If you have experience making your own moisturizers share the recipes and tips with the community.


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Comments

  1. Eunice Moore says

    This moisturizer sounds better than anything I have seen yet. I have very fair skin (redhead) and live at 6100 feet in Colorado. Summer winds and winter cold make my skin feel llike alligator hide! A trip to the health food store is in order. Thank you so much for this and all your other hints. Keep up the good work.

  2. Anne says

    I have been using some of your great ideas, and this one sounds great as well. Where do you get the little spray bottles (seems like I should be able to find something in bulk somewhere?)
    Thanks, Anne

    • Betsy Jabs says

      Great question Ann, I should have included this in the article! If you’re just looking for a few small ones you can find them at most grocery chains or drug stores in the travel size beauty product section. (I always have luck at Walgreens or Rite Aid when I’m in desperate need of one or two.) We have also ordered some really nice glass ones from specialtybottle.com. Their prices are great, especially if you’re looking for several containers for your homemade products. :)

    • Ashley says

      Try Sally’s Beauty Supply if they are in your area or any other beauty supply for that matter.

  3. Rita Dindinger says

    Thank-you for all your well thought out healthy products! I love them! May God continue to give you inspirations!

  4. says

    I love Bath and Body lotions, but they don’t give me enough moisturizers. I’ve been adding olive oil to the bottles and wow I love the feel and it lasts 24 hours.

    • Betsy Jabs says

      Great problem solving Peggy! Now I encourage you to experiment someday with making your own so that your moisturizers don’t have the added parabens, fragrances, and other chemicals Bath & Body Works includes in their products! Are you up for the challenge??? ;)

      • says

        Thank you for the challenge. It takes baby steps to change a life style. I’m definitely in the baby step challenge, but none the less trying. I’ve tried several of the DYI homemade products, homemade laundry detergent, glass cleaner and some recipes. I enjoy the website, hopefully this comment will welcome more new comers to feel free to comment and the experts can respond and give us their advise. Perhaps one could add olive oil in your recipe and see how you like it? I would like to see what you think.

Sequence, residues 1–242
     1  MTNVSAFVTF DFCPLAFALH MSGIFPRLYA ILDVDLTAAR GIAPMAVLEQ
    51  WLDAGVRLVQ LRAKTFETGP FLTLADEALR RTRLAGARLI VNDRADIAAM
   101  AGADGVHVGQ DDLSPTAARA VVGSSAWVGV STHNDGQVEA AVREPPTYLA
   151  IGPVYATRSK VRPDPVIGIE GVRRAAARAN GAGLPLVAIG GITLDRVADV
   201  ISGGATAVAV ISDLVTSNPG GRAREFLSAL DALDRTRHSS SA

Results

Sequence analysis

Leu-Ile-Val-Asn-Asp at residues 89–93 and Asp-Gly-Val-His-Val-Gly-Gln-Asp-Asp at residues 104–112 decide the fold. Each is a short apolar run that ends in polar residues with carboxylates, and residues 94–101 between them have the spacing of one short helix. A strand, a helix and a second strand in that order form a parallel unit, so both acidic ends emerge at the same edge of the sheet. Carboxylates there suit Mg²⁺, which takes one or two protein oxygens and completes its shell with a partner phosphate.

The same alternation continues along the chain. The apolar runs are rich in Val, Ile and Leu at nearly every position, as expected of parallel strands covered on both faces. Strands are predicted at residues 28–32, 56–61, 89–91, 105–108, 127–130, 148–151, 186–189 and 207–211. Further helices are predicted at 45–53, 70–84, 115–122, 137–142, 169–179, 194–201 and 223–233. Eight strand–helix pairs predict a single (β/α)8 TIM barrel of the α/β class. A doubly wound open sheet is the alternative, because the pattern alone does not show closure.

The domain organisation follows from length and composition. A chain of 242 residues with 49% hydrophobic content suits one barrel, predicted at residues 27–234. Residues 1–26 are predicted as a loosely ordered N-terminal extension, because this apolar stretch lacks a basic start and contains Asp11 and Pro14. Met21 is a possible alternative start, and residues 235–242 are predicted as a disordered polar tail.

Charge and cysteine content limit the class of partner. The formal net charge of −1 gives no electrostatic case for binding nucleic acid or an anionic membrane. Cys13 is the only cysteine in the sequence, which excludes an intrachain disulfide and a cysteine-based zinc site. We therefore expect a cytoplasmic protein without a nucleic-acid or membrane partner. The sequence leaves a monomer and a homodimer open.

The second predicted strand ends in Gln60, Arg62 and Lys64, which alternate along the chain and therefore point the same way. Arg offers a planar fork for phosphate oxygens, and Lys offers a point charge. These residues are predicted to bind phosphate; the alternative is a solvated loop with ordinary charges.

• Betsy Jabs says

          Definitely give olive oil a shot in this recipe! The reason I suggest grapeseed, hazelnut, or sweet almond oil is because they’re more readily absorbed by skin. (The smell of olive oil in products can sometimes be a little strong, but this is just my personal opinion.) For sure any quality oil can be used in this recipe though. :) Great job on your baby steps Peggy…it actually sounds like you’re doing quite a bit! Keep it up and continue having fun with these projects!

  5. Jean says

    Please don’t be dismissive of “duh” ideas. Not everyone knows what u know, nor do they own the common sense u own. We are always grateful of ideas we may not have. Thank you for all ur help!:-D

  6. Sheila Burnett-Garner says

    I too had the “sorry” mentality that what I did, said or was, was never good enough or may offend or whatever other negative outcome, rather than make others feel good and I had let those feeling take over and it almost ruined my life. These idle thoughts left to run a muck will—–and they will not be for our best interest as they do. They are not there to keep us humble but to stop us in our tracks.

    Sharing these things are a passion for you and you should never let negative thoughts hinder your from sharing your passion with others. Bless you and many strengthening thoughts about helping others are sent your way. What you share is here for the taking or the leaving. Do not apologize for what you know, it is a gift and be thankful that it is yours, and it is yours to share.

  7. C-Marie says

    Hi, As I read your mixture, it sounded wonderful, but I kept remembering that I had read years ago that glycerine actually draws moisture from the lower layers of skin and so causes the effect of moisturizing the outer layer, but at the expense of drying out the newer, lower layer, and so actually causes some harm.

    I copied the following from the internet and thought you might like to search glycerine and let us know what you come up with.

    Unless the humidity of air is over 65%, glycerin draws moisture from the lower layers of the skin and holds it on the surface, drying the skin from the inside out.

    Blessings always! C-Marie

    • Betsy Jabs says